I'm actually thinking about buying the Retevis RT-9000D off Amazon. It's half the price of the Midland and has good reviews.

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#66 berkinet

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Posted 20 September 2020 - 03:59 PM

I'm actually thinking about buying the Retevis RT-9000D off Amazon. ...

Be careful. Last time I looked, Amazon only had the VHF version. But, Retevis has the radio for $139 on their own web site.
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#67 explorer0863

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Posted 20 September 2020 - 05:07 PM

Be careful. Last time I looked, Amazon only had the VHF version. But, Retevis she’s the radio for $139 on their own web site.

You are right. I just checked and Amazon only has the VHF version.

 

So I went to Retevis.com. Try to order one and the system came back stating that there are no shipping services to FL. Believe it or not, no shipping services to FL. It makes me wonder where are they located and what countries they ship to.



#68 Danny

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Posted 20 September 2020 - 05:56 PM

Be careful. Last time I looked, Amazon only had the VHF version. But, Retevis she’s the radio for $139 on their own web site.

This is the one I just ordered. 3df070ebd040e9d0ff57fd2caf3f590d.jpg

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#69 wayoverthere

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Posted 21 September 2020 - 12:32 AM

There is one other consideration regarding the Midland MXT400: the cost:benefit ratio. The Midland is the exact same radio hardware as the Luiton LT-590, TYT TH-9000d, Retevis RT-9000D, and probably a few others. However, while the Midland costs ~$300, the Retevis RT-9000D is ~$140).

so i was poking at some of these tonight, and stumbled onto the Anytone AT-588, which looks to be the same hardware as the luiton, TYT, and retevis.  availability seems sparse, though.

 

https://www.amazon.c...r/dp/B01CBA136G


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#70 kb2ztx

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Posted 21 September 2020 - 05:27 AM

Just remember none of the radios mentioned other than the Midland is ready out of the box. Thats the biggest issue for some folks. Not everyone is able to program a unit or even understands why they need to. I had a guy show up on a saearch a few years back. He had a CCR handheld and mobile and neither was on our SAR channels. When i asked him how it was programmed the answer was "it came programmed".... after the incident i worked with him and it was all out of the box channels.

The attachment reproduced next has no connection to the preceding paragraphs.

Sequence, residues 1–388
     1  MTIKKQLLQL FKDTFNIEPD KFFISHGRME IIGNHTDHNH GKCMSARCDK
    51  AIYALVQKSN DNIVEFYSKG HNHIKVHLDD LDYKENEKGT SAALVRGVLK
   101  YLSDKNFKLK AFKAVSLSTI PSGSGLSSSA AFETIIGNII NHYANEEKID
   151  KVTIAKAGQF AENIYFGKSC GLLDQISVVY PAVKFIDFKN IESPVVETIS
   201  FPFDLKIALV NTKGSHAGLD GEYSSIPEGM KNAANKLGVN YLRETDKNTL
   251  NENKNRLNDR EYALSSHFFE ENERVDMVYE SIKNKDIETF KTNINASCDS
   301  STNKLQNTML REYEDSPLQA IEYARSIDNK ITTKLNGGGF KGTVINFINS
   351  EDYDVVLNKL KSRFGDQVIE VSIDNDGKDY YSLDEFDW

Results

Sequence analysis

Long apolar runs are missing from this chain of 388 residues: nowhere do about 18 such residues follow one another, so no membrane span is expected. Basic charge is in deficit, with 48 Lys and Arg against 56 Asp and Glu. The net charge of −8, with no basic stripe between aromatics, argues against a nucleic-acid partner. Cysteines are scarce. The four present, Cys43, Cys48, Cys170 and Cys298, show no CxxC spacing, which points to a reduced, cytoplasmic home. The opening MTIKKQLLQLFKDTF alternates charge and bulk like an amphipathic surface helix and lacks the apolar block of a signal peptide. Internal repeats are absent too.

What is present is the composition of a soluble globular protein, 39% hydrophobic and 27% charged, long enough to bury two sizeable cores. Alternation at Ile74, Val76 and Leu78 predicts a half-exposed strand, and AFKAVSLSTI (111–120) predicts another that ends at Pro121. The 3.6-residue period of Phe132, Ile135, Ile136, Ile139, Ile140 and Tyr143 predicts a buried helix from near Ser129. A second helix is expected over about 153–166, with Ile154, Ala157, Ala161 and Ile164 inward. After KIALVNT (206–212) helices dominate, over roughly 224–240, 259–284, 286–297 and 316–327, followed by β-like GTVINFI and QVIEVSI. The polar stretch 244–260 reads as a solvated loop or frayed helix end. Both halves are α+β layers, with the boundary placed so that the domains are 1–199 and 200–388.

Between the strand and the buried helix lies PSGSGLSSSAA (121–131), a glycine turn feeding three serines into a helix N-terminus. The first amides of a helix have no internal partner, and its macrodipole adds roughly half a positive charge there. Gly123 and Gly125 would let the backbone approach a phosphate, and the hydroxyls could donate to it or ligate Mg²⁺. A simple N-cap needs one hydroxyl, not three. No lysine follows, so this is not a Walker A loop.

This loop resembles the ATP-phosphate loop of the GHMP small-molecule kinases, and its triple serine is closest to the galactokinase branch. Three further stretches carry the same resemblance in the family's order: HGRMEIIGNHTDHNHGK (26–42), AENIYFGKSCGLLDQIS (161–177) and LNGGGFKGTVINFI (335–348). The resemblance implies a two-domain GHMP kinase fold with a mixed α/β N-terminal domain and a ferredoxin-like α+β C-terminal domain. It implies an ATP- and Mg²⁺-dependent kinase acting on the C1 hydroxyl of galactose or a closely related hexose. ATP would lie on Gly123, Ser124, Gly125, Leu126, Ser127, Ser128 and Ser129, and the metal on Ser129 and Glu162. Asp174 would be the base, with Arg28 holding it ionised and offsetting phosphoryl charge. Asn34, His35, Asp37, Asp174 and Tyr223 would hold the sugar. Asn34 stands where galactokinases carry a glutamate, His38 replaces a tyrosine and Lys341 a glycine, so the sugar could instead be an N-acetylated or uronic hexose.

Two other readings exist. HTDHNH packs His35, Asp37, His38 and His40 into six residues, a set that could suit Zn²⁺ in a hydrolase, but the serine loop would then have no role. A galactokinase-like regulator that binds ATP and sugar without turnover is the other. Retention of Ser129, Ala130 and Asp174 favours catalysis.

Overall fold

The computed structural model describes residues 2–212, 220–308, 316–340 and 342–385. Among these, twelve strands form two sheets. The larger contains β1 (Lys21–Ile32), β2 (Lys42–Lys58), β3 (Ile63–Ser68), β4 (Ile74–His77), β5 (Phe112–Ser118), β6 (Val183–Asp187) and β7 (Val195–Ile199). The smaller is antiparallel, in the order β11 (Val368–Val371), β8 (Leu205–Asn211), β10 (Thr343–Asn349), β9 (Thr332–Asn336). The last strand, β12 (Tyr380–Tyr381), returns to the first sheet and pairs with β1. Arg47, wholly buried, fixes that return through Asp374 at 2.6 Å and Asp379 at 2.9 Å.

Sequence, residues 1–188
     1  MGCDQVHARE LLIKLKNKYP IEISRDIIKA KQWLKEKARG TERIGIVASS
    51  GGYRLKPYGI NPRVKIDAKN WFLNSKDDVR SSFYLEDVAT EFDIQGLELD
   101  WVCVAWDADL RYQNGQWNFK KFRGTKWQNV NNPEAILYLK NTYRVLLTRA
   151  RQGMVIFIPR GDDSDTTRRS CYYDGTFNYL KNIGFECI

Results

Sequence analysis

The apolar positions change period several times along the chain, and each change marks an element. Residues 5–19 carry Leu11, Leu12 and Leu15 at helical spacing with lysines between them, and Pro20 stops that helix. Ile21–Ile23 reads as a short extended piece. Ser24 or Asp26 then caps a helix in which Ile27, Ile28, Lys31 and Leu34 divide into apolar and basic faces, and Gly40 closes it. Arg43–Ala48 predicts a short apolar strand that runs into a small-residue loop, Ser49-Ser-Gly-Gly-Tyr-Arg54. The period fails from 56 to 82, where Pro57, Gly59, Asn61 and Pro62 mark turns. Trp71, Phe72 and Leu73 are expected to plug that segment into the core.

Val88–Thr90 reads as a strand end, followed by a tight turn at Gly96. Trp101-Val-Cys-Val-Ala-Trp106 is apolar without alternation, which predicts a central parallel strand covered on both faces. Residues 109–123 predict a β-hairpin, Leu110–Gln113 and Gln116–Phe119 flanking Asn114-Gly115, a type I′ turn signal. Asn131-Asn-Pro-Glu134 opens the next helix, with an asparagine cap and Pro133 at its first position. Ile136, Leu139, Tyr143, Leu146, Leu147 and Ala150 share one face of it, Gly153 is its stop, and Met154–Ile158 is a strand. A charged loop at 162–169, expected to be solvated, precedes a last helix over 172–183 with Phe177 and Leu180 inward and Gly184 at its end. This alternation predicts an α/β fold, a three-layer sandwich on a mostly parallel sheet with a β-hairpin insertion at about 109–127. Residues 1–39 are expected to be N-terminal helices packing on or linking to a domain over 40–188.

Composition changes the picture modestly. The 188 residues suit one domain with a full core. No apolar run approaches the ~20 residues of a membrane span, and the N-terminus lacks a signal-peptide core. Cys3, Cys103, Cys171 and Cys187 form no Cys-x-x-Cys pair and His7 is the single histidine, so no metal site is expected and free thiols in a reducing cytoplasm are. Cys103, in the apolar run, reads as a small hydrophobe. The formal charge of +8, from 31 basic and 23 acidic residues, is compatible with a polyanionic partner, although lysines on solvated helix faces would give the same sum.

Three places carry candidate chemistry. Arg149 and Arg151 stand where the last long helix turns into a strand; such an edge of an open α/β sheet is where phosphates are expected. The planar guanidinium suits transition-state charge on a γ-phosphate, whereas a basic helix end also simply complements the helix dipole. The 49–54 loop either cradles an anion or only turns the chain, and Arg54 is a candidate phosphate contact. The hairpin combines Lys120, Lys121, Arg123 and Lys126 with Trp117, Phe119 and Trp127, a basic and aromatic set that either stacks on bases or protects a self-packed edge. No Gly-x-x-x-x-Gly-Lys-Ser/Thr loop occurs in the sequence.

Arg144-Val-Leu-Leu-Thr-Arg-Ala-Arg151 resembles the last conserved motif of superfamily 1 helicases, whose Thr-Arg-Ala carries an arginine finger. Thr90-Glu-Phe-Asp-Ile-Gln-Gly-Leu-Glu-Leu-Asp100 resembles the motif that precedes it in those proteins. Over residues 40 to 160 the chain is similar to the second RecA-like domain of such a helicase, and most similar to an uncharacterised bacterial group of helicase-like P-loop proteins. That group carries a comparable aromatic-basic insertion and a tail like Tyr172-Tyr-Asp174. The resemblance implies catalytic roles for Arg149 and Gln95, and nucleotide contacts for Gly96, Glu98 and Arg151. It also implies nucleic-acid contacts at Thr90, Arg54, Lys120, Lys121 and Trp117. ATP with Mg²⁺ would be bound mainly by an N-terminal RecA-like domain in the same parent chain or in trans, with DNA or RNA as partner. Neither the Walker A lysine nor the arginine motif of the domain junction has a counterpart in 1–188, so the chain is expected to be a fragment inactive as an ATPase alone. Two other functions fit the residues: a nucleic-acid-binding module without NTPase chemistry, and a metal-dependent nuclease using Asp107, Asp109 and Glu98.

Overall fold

Personally I prefer LMR radios and for myself have all APX in my primary vehicles as i use them for public safety also. But for folks like my parents the midland was the best option. Eventually I will upgrade them one vehicle at a time with something commercial. I just installed the ICOM F221 at my guest house (winter home for them) with a base antenna so he doesn't need to leave an HT on all the time this winter.


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#71 berkinet

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Posted 21 September 2020 - 06:48 AM

Just remember none of the radios mentioned other than the Midland is ready out of the box. ...

 

Good point. Although, in some cases that may be a feature. One specific case is users who want to program more than 8 logical repeaters*. Many of the certified GMRS radios limit the number of logical repeater channels and also restrict them to specific memory locations (aka radio dial channels).  Also, given the apparently complicated front panel programming procedures, I am not sure an application based configuration system might not be better for many users.

 

Still, as you note, one more important thing to consider when selecting a radio.

 

* A logical repeater is a unique combination of frequency (GMRS Channel), CTCSS/DCS, and other access setting(s), bandwidth (wide or narrow), and power.


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#72 Danny

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Posted 21 September 2020 - 01:50 PM

Just remember none of the radios mentioned other than the Midland is ready out of the box. Thats the biggest issue for some folks. Not everyone is able to program a unit or even understands why they need to. I had a guy show up on a saearch a few years back. He had a CCR handheld and mobile and neither was on our SAR channels. When i asked him how it was programmed the answer was "it came programmed".... after the incident i worked with him and it was all out of the box channels.